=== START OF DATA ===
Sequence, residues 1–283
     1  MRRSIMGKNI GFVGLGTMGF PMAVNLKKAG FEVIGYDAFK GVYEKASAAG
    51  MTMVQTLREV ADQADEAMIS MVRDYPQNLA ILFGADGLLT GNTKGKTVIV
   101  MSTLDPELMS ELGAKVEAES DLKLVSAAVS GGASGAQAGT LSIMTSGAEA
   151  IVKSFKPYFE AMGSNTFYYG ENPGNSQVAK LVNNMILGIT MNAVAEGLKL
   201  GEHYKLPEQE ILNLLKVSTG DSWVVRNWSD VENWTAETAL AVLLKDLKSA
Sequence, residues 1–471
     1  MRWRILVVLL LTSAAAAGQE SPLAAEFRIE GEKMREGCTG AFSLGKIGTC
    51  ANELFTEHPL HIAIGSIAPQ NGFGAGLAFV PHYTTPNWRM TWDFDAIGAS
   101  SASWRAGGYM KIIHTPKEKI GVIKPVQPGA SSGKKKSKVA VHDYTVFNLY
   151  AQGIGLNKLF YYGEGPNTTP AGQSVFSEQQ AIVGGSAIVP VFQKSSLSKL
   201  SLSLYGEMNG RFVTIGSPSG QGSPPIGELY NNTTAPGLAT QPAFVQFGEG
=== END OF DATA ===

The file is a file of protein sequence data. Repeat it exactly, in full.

Sequence, residues 1–283
     1  MRRSIMGKNI GFVGLGTMGF PMAVNLKKAG FEVIGYDAFK GVYEKASAAG
    51  MTMVQTLREV ADQADEAMIS MVRDYPQNLA ILFGADGLLT GNTKGKTVIV
   101  MSTLDPELMS ELGAKVEAES DLKLVSAAVS GGASGAQAGT LSIMTSGAEA
   151  IVKSFKPYFE AMGSNTFYYG ENPGNSQVAK LVNNMILGIT MNAVAEGLKL
   201  GEHYKLPEQE ILNLLKVSTG DSWVVRNWSD VENWTAETAL AVLLKDLKSA
Sequence, residues 1–471
     1  MRWRILVVLL LTSAAAAGQE SPLAAEFRIE GEKMREGCTG AFSLGKIGTC
    51  ANELFTEHPL HIAIGSIAPQ NGFGAGLAFV PHYTTPNWRM TWDFDAIGAS
   101  SASWRAGGYM KIIHTPKEKI GVIKPVQPGA SSGKKKSKVA VHDYTVFNLY
   151  AQGIGLNKLF YYGEGPNTTP AGQSVFSEQQ AIVGGSAIVP VFQKSSLSKL
   201  SLSLYGEMNG RFVTIGSPSG QGSPPIGELY NNTTAPGLAT QPAFVQFGEG